Delicious in the Plant Cell
The Story of Selective Autophagy in Plants
If plant cells lack nutrients or encounter environmental stresses, what will they “eat” for survival? I create this illustration to show targets of selective autophagy in the plant cell.
Autophagy means “self-eating,” it’s a process that cells use for degradation and intracellular recycling. Autophagy is found in plants and other eukaryotes. In plant cell, autophagy occurs in vacuole, a large, membrane-bound organelle that contains hydrolytic enzymes.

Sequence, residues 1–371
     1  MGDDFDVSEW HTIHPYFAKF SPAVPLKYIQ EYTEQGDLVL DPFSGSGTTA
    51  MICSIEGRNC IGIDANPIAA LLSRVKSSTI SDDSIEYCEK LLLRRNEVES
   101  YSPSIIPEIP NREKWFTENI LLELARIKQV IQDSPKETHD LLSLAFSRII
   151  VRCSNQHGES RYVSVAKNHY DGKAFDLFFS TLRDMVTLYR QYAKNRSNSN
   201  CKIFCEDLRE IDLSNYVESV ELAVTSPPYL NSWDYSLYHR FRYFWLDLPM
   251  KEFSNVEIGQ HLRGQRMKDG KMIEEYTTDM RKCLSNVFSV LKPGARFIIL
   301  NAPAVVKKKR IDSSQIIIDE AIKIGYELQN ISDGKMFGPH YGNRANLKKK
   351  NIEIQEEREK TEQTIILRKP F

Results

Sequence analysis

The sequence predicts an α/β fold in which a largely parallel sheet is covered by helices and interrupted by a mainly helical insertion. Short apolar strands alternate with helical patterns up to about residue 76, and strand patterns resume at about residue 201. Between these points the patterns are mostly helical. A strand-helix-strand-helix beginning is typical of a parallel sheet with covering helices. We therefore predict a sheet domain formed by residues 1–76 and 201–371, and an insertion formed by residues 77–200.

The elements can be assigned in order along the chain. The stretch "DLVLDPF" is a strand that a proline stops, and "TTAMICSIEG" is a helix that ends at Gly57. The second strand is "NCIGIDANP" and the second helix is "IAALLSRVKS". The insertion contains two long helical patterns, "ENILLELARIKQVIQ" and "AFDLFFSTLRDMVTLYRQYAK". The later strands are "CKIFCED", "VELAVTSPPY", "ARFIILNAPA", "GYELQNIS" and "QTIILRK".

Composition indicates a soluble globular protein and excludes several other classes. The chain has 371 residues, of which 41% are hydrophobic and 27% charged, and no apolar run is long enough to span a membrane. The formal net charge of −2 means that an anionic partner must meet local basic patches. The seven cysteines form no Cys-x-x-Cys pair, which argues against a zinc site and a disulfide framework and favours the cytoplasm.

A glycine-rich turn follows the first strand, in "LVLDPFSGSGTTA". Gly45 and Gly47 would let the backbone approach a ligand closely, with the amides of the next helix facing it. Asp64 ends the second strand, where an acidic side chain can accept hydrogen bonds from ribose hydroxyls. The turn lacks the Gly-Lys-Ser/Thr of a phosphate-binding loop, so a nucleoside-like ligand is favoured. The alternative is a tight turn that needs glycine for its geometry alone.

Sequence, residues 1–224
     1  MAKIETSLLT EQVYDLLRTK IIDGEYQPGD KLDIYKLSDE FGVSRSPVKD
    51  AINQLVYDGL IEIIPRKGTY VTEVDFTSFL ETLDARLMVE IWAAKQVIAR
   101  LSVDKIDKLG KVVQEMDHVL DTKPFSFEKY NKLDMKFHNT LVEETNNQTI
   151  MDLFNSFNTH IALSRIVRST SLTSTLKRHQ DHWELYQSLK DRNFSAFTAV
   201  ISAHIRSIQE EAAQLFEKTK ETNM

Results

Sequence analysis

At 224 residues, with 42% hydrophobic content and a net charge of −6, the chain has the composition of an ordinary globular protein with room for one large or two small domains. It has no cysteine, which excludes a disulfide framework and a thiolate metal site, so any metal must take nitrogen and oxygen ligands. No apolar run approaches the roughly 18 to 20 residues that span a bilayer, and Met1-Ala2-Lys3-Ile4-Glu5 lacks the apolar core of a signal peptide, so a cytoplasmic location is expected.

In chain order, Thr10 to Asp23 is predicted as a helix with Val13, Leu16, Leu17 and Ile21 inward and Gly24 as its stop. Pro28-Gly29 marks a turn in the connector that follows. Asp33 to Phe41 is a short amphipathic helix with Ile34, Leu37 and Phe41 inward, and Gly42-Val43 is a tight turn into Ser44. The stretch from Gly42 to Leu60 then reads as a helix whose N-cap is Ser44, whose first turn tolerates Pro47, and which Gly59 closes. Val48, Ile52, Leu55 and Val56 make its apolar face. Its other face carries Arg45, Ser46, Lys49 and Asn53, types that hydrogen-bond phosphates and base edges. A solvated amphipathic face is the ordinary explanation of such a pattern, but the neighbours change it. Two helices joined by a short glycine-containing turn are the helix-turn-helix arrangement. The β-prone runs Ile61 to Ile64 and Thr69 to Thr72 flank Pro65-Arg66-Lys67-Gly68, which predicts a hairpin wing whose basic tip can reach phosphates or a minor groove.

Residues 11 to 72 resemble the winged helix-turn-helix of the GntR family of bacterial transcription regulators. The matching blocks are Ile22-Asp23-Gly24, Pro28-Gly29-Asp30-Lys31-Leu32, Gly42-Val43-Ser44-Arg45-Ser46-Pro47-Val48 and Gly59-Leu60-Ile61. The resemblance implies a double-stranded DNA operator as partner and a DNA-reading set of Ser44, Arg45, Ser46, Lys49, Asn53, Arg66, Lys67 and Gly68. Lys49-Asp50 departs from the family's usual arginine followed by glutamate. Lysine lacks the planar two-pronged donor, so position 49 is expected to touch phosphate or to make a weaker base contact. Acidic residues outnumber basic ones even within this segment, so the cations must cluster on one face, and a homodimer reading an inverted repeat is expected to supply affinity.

Although originally thought to be an unrestricted degradation system, studies shown that autophagy can be selective by engaging a wide array of receptors that recognize specific cargo. In this way, macromolecular complexes (proteasomes and ribosomes), protein aggregates, endoplasmic reticulum (ER) fragments or nuclei, cell organelles (mitochondria, peroxisomes, and chloroplasts), specific proteins (BES1), and pathogens can be selective removed and be recycled.
Adobe Illustrator with mouse